José Lázaro Galdiano

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José Lázaro Galdiano photographed in the 1940s

José Lázaro Galdiano (1862 – 1947) was a Spanish financier, journalist, publisher and art collector, who, by the time of his death, owned one of the largest and most significant art collections in Spain.[1] He was described in 1940 as "one of the greatest patrons of culture in nineteenth century Spain".[2] At the time of his death, his collection numbered some 12,600 pieces,[3] mostly from the Old Master and Romantic periods - he had little interest in the Modernists.[4]


1912 portrait of Paula Florido by Pablo de Bejar. Museo Lázaro Galdiano

Lázaro was born in 1862 in Beire, Navarre. He studied Law and Philosophy in Seville and Madrid before taking office in 1883 at the Bank of Spain in Barcelona. However, his talent and ability in art appreciation and journalism soon took his career in another direction.[2] He befriended Emilia Pardo Bazán who introduced him to the leading Spanish intellectuals of the time. In 1889, he co-founded the review España Moderna with Marcelino Menéndez y Pelayo and a number of leading Spanish critics. This was followed by the launch of the Revista Internacional; a review that featured Spanish, French, English and German writers.[1]

In 1903, he married the glamorous Argentine Paula Florido (d. 1931) who shared his passion for art and advised him on many of his major acquisitions. She accompanied him on his frequent travels across Europe, Africa and North and South America seeking art objects.[1] Lázaro was a member of the Athenæum of Madrid and served on the board of trustees at the Museo del Prado. In 1921, he was elected president of the International congress of History of Art. He spent the years of the Spanish Civil War in exile, first in Paris and later New York, where he continued to collect art works. He returned to Madrid following the end of the conflict.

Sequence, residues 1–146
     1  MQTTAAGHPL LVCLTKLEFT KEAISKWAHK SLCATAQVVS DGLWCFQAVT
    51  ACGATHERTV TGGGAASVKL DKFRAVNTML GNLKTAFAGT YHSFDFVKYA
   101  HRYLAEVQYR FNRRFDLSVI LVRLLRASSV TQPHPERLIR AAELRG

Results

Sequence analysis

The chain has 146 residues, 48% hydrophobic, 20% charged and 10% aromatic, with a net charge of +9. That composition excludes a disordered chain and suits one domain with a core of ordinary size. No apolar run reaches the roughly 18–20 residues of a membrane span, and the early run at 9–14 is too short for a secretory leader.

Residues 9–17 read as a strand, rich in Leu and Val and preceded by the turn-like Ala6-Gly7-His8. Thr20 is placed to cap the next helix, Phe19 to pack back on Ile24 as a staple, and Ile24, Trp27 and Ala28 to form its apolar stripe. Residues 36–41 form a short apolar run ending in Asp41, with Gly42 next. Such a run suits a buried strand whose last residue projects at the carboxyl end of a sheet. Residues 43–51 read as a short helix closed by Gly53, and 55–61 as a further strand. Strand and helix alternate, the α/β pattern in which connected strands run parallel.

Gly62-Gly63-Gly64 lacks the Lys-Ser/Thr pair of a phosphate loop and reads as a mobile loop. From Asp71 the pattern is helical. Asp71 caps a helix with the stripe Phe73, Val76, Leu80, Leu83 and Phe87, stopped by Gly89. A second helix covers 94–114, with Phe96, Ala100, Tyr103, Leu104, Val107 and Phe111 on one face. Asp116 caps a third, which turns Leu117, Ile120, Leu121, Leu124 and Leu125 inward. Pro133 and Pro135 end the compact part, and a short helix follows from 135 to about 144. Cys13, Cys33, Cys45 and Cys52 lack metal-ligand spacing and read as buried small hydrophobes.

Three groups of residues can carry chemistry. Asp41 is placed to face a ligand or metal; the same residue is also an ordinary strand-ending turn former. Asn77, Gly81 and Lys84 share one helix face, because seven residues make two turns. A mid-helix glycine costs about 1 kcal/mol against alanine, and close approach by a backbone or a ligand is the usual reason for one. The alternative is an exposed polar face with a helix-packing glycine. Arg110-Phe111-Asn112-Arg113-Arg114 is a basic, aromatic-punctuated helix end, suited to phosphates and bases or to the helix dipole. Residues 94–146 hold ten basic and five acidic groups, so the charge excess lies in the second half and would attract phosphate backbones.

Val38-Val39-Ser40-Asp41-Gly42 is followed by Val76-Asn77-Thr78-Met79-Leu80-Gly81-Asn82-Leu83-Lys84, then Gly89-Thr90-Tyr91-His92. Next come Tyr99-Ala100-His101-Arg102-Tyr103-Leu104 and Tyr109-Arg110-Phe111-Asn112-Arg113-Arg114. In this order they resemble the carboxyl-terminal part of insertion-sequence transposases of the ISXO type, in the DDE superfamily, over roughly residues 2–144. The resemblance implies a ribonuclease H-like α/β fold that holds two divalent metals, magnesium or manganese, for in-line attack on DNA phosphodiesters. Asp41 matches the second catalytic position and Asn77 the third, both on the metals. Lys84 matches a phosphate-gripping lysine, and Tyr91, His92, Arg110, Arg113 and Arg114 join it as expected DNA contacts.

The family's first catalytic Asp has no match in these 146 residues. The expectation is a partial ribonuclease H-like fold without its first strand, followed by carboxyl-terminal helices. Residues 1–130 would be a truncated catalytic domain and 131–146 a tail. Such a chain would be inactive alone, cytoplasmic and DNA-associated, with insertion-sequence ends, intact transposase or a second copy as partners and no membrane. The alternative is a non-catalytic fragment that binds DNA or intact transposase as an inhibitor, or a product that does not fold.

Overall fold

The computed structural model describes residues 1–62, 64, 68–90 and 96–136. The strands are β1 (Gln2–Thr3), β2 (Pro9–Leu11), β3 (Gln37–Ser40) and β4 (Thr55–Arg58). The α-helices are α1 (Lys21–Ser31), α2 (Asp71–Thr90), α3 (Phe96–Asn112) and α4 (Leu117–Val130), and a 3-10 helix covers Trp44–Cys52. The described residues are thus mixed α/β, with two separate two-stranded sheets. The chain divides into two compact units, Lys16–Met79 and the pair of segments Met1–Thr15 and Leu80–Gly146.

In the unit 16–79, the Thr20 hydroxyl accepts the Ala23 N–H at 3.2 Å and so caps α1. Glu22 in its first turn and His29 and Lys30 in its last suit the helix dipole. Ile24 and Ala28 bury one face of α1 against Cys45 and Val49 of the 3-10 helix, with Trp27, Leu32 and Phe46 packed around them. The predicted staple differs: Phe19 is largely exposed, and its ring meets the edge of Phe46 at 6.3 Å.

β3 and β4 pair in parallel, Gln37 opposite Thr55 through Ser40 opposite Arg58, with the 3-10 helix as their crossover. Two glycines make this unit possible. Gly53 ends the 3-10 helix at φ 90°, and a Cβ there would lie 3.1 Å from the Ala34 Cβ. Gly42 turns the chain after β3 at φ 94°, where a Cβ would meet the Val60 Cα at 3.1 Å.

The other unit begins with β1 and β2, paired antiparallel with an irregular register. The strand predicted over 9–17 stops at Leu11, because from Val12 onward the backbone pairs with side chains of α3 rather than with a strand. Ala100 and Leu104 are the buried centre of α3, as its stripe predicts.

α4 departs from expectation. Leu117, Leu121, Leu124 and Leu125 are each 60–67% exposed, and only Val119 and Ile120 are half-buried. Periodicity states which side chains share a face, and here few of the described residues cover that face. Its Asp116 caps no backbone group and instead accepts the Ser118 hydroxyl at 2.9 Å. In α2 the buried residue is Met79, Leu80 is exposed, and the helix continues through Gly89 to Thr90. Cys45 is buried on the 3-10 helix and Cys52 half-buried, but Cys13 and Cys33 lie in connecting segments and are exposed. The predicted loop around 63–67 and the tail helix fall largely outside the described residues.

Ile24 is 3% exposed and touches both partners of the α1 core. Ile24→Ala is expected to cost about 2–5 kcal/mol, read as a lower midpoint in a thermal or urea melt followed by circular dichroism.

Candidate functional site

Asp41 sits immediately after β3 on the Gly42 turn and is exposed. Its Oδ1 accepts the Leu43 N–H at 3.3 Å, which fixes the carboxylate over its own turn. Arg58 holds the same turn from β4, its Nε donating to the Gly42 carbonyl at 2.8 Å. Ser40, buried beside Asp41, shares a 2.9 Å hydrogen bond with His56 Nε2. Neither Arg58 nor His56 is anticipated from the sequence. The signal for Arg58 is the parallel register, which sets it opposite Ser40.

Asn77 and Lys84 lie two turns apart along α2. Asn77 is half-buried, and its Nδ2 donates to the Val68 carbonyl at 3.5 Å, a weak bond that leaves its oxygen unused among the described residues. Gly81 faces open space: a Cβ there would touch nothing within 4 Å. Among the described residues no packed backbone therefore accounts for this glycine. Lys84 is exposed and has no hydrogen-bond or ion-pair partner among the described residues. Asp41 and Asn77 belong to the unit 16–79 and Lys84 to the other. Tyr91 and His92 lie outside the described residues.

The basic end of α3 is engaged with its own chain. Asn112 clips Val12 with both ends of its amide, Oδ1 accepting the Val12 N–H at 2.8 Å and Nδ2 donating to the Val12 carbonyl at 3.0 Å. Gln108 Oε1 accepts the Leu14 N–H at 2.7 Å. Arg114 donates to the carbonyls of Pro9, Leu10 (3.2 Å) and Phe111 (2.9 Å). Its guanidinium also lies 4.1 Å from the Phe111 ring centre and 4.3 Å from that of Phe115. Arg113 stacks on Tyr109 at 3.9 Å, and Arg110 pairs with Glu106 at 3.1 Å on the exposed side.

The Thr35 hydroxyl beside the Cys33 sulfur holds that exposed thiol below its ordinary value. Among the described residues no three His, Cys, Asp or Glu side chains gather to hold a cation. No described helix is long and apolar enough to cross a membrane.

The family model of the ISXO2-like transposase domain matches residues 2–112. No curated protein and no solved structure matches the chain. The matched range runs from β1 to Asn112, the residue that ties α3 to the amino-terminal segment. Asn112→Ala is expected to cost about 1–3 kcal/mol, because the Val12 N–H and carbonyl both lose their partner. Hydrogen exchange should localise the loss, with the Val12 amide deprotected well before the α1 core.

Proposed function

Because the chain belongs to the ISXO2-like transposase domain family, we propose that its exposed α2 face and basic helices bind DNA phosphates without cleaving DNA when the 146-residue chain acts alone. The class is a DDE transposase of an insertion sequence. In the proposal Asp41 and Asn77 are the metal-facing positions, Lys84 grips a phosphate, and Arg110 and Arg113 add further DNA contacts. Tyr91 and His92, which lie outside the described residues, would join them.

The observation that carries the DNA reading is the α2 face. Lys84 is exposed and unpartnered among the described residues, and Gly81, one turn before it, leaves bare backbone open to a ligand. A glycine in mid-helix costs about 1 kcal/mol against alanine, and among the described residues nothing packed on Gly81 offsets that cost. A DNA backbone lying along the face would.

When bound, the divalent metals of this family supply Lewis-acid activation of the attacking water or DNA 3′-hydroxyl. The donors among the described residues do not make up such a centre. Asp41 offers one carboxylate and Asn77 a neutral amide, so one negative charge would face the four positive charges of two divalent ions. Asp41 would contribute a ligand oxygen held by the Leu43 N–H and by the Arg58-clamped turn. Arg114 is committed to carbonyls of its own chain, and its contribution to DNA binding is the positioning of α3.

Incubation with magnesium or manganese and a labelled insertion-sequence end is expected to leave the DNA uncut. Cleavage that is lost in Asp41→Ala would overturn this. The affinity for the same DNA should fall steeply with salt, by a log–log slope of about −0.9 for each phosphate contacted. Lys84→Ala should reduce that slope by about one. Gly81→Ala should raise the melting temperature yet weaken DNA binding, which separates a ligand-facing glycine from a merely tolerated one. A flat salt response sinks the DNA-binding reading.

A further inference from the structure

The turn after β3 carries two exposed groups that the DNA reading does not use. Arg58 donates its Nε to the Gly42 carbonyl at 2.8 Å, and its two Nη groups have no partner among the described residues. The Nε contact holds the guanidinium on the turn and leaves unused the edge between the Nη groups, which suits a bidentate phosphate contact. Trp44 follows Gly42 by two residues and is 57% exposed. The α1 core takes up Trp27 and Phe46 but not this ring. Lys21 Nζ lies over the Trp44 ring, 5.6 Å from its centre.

The Lázaro Galdiano Museum[edit]

Since Lázaro's death his home in Calle Serrano, a fashionable street in Madrid, has been adapted to serve as a museum to house his collections. The building was commissioned in 1903, the year of his marriage, and is in neo-Renaissance style. The museum is open to the public and includes works by Bosch, Velázquez, Goya, El Greco and Zurbarán.[5]


  1. ^ a b c Cook, 326
  2. ^ a b Hilton, 319
  3. ^ "I Centenario Fundación Lázaro Galdiano". imserso.esó Retrieved on 21 February 2010. (PDF)
  4. ^ Andrew Ferren (May 2011), In Madrid, Disparate Art Collections Collide, New York Times
  5. ^ "Art from all periods of history". Instituto de Turismo de España. Retrieved on 21 February 2010.


  • Cook, Walter W. S. "Jose Lázaro y Galdiano (1862-1947)". College Art Journal, Volume 7, No. 4, Summer 1948. 326-330
  • Hilton, Ronald. "". Hispania, Volume 23, No. 4, December 1940. 319-325

External links[edit]